To fix: After using it, go back to the White Balance control and restore the colours.
Issue #2 – Brightness
This slider also affects the brightness of the photo. If you move it right, the photo becomes darker, if you move to the left, it becomes brighter.
To fix: You’ll need to re-visit Exposure after using it.
Issue #3 – Halo
The first two issues were easy to address, this one is different. In case your photo has some high contrast objects, like tree branches against the sky, then halos might appear at these edges.
To fix: There is no easy fix for this one. You have several options.
- Use a radial filter and add haze back to the problem area.
- Use a radial filter and use dehaze only in the spots where you really need it trying to avoid problem area.
- Try to match brightness using a radial filter and other filters (reduce contrast, reduce highlights)
- Expose the photo twice – once with the dehaze filter, once without and them manually blend using layers in Photoshop.
Lightroom 6 Dehaze
This slider is a feature of CC series of products and will never appear in the Lightroom 6 or prior. However, some people still use these apps with no intention to migrate to CC. So, they need another way of doing the same thing. There are multiple ways of achieving a similar effect in your photos.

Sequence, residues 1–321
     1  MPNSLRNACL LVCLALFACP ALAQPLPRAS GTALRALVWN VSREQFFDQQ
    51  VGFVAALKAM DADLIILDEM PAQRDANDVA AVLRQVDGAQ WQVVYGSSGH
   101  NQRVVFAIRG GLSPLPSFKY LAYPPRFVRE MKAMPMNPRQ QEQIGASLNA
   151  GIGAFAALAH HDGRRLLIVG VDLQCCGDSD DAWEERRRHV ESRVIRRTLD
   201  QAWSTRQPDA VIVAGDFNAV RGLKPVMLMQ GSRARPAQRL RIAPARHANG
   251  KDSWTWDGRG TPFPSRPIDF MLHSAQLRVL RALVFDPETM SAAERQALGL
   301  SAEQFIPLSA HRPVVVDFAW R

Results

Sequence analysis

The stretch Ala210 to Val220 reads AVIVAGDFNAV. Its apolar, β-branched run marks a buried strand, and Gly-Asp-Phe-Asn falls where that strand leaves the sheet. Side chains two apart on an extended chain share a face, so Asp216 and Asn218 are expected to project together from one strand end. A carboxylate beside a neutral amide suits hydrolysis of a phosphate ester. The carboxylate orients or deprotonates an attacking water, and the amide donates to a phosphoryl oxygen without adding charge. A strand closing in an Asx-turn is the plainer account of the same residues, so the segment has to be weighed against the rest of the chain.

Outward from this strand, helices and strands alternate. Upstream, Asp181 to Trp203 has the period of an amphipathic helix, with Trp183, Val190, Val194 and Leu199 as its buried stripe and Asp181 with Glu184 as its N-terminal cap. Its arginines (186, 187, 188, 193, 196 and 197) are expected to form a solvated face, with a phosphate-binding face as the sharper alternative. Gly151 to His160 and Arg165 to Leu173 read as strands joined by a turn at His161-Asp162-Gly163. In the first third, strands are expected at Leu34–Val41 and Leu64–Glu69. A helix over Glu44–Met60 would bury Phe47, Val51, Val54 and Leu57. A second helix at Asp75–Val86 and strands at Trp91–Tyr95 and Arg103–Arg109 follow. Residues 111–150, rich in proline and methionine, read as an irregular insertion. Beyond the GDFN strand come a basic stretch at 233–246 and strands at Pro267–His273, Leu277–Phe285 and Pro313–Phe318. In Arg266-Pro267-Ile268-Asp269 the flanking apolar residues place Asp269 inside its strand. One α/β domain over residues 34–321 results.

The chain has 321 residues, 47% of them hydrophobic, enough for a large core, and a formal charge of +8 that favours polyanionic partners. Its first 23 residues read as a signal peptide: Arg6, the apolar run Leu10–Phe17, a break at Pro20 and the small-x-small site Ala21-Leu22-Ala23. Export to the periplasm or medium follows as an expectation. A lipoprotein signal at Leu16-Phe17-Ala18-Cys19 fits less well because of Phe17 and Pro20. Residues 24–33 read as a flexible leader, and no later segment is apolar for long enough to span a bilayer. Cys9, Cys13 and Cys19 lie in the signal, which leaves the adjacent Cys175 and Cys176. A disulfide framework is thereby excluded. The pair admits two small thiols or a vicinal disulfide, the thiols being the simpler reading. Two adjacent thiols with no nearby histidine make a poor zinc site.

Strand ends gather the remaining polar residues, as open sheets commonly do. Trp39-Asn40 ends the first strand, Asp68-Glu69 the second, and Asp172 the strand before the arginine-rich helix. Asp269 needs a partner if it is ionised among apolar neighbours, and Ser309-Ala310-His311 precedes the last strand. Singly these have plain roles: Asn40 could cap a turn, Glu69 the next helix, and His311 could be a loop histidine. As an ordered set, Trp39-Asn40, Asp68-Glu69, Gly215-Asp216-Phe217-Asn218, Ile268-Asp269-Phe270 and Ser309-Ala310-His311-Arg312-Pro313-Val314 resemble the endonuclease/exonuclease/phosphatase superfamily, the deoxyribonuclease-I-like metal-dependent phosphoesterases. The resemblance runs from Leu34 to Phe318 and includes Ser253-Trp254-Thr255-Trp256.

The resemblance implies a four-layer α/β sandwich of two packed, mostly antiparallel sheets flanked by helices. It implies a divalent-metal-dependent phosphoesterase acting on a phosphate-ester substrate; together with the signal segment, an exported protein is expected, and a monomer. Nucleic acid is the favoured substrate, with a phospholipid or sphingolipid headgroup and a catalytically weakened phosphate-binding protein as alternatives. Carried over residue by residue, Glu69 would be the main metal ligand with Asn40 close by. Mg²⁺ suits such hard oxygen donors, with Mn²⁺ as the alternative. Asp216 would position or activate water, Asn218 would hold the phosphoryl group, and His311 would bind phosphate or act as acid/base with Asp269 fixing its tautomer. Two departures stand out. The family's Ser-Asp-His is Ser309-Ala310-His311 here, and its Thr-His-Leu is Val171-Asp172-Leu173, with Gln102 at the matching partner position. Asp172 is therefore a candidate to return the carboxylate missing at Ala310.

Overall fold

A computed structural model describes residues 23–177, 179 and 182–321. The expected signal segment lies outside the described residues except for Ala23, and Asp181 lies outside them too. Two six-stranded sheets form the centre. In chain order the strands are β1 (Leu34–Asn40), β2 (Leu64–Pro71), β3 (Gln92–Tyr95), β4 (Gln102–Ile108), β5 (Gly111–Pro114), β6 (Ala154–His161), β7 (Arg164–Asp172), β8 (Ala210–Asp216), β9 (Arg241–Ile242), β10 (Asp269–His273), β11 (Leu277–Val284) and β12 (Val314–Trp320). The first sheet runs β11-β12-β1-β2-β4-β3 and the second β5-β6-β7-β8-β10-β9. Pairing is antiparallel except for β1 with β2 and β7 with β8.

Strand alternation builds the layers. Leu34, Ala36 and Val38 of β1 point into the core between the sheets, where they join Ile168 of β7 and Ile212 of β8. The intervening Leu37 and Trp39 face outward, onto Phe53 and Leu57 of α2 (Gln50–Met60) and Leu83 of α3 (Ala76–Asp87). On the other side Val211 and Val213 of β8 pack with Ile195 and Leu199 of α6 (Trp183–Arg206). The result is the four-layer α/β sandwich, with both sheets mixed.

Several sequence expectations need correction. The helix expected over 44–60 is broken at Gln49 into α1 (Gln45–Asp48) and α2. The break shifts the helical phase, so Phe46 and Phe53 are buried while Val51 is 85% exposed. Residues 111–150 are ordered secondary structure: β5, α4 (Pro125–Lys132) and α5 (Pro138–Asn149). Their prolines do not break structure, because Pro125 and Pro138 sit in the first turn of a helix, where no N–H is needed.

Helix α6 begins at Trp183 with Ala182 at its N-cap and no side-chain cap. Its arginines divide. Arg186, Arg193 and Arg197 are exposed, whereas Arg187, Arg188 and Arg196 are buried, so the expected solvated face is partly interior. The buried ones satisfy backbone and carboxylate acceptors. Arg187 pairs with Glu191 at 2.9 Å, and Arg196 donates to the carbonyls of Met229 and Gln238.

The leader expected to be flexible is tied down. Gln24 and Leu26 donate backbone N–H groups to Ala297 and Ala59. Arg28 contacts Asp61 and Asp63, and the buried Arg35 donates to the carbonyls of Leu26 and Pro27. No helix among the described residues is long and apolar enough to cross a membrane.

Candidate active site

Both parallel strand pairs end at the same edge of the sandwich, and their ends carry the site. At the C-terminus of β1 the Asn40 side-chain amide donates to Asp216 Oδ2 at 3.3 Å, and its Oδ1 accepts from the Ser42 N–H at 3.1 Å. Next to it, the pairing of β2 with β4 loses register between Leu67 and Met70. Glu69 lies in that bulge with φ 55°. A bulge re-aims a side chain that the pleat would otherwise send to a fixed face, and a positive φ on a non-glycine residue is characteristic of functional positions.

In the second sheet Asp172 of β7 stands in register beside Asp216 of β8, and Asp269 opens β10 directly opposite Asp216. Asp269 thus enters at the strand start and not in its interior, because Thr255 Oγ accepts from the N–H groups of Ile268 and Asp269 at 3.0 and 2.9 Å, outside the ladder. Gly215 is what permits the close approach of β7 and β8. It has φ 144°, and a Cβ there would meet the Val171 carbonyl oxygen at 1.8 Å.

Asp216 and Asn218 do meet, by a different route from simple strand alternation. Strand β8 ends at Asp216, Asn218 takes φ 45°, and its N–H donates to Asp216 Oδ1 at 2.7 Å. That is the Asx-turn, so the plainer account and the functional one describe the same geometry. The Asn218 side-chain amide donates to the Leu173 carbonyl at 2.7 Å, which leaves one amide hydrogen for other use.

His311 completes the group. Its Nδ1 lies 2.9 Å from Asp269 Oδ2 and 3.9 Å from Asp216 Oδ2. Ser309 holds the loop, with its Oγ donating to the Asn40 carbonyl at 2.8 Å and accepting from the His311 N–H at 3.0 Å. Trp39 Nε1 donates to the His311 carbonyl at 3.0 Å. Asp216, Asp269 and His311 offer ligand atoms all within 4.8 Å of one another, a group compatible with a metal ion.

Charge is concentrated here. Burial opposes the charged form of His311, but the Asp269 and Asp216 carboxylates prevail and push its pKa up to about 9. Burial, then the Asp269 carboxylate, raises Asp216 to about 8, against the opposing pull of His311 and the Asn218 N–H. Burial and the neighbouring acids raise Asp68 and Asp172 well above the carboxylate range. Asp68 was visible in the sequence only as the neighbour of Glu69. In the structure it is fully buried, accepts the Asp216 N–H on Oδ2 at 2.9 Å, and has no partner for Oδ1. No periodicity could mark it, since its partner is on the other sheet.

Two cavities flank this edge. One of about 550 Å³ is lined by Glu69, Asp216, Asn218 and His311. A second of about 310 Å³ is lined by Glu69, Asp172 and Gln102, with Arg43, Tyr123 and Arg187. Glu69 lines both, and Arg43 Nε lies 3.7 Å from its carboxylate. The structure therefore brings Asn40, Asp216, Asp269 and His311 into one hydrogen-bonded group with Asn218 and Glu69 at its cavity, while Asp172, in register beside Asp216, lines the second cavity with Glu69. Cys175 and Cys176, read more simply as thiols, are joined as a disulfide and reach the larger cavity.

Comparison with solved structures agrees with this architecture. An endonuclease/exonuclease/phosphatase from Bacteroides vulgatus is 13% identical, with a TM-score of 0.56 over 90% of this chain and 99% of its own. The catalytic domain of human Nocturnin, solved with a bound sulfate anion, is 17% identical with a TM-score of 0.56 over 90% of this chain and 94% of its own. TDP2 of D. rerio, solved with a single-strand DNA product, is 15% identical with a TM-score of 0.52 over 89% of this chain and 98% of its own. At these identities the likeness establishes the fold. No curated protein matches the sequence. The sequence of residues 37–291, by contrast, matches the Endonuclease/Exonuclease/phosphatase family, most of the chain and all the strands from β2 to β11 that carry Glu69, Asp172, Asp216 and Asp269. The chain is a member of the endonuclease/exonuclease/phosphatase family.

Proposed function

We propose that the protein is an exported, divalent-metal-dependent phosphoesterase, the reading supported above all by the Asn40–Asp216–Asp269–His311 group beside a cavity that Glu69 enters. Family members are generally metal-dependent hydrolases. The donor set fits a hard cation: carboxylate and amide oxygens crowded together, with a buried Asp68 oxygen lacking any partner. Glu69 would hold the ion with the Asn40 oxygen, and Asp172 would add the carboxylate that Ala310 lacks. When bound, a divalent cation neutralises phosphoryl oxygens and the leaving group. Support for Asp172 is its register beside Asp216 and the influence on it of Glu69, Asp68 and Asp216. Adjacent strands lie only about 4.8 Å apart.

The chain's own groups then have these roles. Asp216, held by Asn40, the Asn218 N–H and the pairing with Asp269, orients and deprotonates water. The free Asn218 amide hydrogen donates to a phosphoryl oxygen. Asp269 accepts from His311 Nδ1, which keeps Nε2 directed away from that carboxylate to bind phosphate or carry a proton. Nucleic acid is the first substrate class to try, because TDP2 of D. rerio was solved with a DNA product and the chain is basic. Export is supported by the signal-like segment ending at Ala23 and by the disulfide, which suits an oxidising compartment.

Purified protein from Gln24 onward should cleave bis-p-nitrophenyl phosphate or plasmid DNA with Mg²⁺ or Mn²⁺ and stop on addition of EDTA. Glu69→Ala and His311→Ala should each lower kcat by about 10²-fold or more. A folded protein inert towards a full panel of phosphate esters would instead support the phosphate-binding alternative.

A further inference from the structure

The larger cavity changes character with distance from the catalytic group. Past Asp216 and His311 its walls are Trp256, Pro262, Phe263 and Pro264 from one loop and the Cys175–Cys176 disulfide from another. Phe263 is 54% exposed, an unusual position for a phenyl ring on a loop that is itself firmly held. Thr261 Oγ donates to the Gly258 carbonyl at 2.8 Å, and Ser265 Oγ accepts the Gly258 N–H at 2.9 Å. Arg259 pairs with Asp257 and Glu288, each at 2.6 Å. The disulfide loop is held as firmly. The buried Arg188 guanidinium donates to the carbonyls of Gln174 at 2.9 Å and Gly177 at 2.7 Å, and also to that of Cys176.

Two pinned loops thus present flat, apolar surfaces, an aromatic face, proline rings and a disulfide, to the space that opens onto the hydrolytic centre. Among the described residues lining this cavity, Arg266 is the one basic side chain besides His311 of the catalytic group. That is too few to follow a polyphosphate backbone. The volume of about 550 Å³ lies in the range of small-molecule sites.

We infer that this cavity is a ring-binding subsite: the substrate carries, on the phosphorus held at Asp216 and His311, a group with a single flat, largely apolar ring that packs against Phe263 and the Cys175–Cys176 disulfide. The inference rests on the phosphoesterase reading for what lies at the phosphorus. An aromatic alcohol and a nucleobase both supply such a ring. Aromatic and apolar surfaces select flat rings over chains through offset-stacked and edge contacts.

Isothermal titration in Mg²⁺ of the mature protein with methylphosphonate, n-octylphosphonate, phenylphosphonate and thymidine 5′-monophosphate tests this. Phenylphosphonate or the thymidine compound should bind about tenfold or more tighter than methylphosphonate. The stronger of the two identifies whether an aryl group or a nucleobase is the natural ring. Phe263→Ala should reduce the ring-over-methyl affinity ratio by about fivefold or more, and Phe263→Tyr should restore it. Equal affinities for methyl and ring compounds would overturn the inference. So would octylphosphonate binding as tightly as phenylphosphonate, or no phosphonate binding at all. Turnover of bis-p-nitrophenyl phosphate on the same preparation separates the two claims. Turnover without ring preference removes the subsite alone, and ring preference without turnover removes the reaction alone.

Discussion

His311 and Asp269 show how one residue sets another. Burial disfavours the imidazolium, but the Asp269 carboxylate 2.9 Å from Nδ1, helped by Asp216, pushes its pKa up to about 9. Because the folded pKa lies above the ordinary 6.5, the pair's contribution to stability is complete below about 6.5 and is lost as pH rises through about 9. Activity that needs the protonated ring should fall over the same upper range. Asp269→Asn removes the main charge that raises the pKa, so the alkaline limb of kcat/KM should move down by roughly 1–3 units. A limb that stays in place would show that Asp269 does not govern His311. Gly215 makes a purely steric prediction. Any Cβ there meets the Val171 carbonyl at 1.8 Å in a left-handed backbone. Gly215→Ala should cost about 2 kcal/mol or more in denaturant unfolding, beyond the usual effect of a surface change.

- The most obvious way is to download a bunch of presets from the Prolost company for free. They somehow managed to work around this limitation and apply these into your photos. I suspect the functionality might still be there in the engine without being shown on the interface. These will only work in Lightroom 6. For the prior versions, you’ll need to use the method below.
- Do it manually. It’s a bit more time consuming but you can play around and find your own look and feel. I don’t think I should go deeply into this editing, so I’ll give some guidance. This method has a downside – you will be working in Photoshop, which means you are no longer editing raw and quality might be a bit worse than by the slider in Lightroom / ACR.
- Create a new Levels layer
- Use luminosity masks for the Lights (where the haze is) or if you are not familiar with the concept of Luminosity masks, just copy the base layer and hit Ctrl-V at the new adjustment layer mask. This way, you’ll copy the image into the mask and it resembles the Lights mask in a way.
- Now adjust the contrast. Pull the black dot (left) to the right, pull the white dot (right) to the left, then adjust the middle grey dot for the right balance. This change should mostly affect the brighter parts of the photo, where your haze resides.
Dehaze missing or greyed out
There are multiple reasons why this slider can be missing.
- You are running Lightroom 6 or earlier. This filter does not exist prior to the CC version.
- You are running a pirated or hacked version. Some of them don’t have it. Your best option is to subscribe to the actual plan.
- You are not using Process 4 in your edits. Older versions will have the slider greyed out. Just change your Process to the later versions in the Calibration panel and it’ll solve the issue.
- You are looking in the wrong place. In older CC versions, you could find it in the Effects section. In newer versions, please have a look in the Basic section.
Use dehaze filter wisely, try both ways. Apply it globally or locally to certain areas. It adds another dimension to the flow of your creative juices.